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In the Book of Job, God speaks to Job out of a whirlwind and asks him:

Where wast thou when I laid the foundations of the earth? tell me now, if thou hast knowledge, who set the measures of it, if thou knowest? Or who stretched a line upon it?….Or did I order the morning light in thy time?…Or didst thou take clay of the earth, and form a living creature, and set it with the power of speech upon the earth?…And do the gates of death open to thee for fear; and did the gate-keepers of Hades quake when they saw thee?” (Job 38:4-16)

The text is vivid and striking.

But there is a problem here: this last portion of the quotation from the Book of Job is quite different in the Protestant text. In the Revised Standard Version, for example, it reads as follows:

Have the gates of death been revealed to you, or have you seen the gates of deep darkness?”

Very different indeed, and not much of a “prophecy” of the actual event. One might say that, as a prophecy of our Saviour’s descent into and destruction of Sheol, it has all the vigor and verve of an overcooked noodle.

In the article “Honour the Physician,” I recounted how my mother would not allow me to attend my playmate’s Protestant Bible class when I was a youngster in California. The reason she gave me for not allowing me to go was that “the Protestants had a different Bible” than we did. At the time, I thought she was just trying to find an excuse for not letting me go to the Bible class. But, as I wrote in that article, it turned out that she was right, and I came to understand this as I learned more about our Orthodox Christian faith. I wrote also in that article that there were two differences between our Holy Scriptures and the Scriptures that the Protestants use:

1) the books that we have in our Holy Scriptures are different, and

2) the interpretations that the Protestants give are different from the interpretations of the Church Fathers.

However, it turns out, there is also a third difference. Even within the books that we share in common with the non- Orthodox, the texts are different, as we can see, for example, in the abovementioned quotation from the Book of Job. One of the major reasons for these differences is that the Orthodox Church uses the Septuagint text of the Old Testament [see below], which was also the text used by the holy Apostles in the time of our Saviour.

The subject of the Descent into Hades – the “neutralization of the Netherworld” – is of vital importance. The implications of that event in Christ’s work of salvation has been sorely underestimated in the West; but that is a subject that will require yet another article. So, stay tuned.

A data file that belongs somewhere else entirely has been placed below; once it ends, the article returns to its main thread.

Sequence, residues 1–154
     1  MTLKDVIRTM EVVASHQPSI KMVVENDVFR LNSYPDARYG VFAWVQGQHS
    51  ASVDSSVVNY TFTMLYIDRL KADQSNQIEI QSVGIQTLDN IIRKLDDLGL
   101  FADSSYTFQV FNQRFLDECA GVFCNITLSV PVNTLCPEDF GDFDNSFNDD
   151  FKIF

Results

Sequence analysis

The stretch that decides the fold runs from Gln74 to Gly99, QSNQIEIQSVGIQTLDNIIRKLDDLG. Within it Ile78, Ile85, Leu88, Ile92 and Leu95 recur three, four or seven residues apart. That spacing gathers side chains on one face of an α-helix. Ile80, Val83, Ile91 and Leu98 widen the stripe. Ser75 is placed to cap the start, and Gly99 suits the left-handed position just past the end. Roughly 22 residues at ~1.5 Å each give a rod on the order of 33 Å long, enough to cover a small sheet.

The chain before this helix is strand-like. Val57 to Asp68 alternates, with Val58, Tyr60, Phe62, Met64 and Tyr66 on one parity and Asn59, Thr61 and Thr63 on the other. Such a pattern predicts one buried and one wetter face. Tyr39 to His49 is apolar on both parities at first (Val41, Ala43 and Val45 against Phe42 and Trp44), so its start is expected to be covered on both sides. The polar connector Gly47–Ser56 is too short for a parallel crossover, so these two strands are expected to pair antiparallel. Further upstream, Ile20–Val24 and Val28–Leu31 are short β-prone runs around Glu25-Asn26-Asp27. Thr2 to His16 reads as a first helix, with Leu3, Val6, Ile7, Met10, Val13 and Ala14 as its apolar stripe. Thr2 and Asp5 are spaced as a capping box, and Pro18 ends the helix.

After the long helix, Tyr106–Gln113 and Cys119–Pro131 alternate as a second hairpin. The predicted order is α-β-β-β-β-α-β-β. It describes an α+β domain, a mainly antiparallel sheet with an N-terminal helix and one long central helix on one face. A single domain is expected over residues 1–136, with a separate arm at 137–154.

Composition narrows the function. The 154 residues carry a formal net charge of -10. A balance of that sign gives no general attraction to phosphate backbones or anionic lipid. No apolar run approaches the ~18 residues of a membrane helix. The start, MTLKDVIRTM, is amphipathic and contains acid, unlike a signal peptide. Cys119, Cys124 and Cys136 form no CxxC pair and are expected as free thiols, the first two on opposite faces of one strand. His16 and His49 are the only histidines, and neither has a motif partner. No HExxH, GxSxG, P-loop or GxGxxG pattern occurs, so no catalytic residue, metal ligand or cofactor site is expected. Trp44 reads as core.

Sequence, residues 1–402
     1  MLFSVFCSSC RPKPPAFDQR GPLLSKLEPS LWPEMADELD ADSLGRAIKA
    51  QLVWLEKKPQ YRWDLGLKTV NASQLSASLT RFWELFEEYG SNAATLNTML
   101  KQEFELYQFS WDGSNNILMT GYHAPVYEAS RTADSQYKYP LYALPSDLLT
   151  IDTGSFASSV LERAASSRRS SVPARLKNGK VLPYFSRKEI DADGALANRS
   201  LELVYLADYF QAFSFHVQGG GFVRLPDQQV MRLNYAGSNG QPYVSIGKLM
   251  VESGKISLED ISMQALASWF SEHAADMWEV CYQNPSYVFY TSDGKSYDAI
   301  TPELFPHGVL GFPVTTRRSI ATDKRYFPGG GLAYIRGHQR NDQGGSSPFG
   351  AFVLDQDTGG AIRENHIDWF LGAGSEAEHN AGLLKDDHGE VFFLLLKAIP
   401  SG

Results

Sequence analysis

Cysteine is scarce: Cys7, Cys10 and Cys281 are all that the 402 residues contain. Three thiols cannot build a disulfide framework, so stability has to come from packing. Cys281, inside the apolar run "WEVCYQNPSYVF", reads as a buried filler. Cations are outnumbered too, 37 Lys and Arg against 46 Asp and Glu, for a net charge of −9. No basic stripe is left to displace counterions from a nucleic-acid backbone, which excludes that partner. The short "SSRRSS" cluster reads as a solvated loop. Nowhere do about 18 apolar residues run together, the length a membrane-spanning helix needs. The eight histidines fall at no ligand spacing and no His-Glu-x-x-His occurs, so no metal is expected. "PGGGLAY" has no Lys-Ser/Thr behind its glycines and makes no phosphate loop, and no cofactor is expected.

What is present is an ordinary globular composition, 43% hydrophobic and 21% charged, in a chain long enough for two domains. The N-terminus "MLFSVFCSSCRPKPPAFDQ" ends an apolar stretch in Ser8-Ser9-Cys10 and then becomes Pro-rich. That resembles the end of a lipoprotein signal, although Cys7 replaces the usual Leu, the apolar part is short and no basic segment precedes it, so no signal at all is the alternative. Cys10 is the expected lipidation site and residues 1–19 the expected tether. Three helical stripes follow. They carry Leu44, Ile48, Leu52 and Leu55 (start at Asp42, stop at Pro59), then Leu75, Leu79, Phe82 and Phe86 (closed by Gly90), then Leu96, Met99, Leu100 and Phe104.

The Septuagint Text ? A Footnote ?

What many people do not realize is that, as long as we can determine, there have been variants in the Scriptural texts as they have come down to us. Our readers will note that we have pointed out that the texts of the Old Testament that the Protestants and Roman Catholics use today are different from the Septuagint text that the Orthodox Church has used since the time of our Saviour. Why?

Some history may be useful here. By royal decree, the Septuagint text was prepared in the third century before Christ in Alexandria Egypt by the best Jewish scholars of the day.* At the time, Alexandria was the greatest center of learning in the known world, and its library was famous for its completeness and the valuable manuscripts it contained. The Septuagint translation was an occasion of great celebration, and a special day was set aside to commemorate this event in the Jewish community, which, for the most part, no longer spoke Hebrew, especially in the diaspora. (In Palestine the Jews spoke only Aramaic.) Now, with the Septuagint translation, the rabbis could instruct their people again easily in a language most of them spoke (Greek), but, in addition, they could make their faith more readily accessible to the pagan world around them. Consequently, the Septuagint was held in great esteem, and in the time of our Saviour, it was in wide use in the Jewish community (as the many quotations from it in the New Testament testify). What is also noteworthy is that Philo, one of the greatest Jewish scholars of antiquity, was also one of the foremost apologists for the Jewish religion among the pagans. Through the many tracts he wrote (all of them based on the Septuagint text), he led many thousands of pagans to convert to the Jewish faith. Yet, Philo, a contemporary of our Saviour, could not speak Hebrew. He knew only Greek.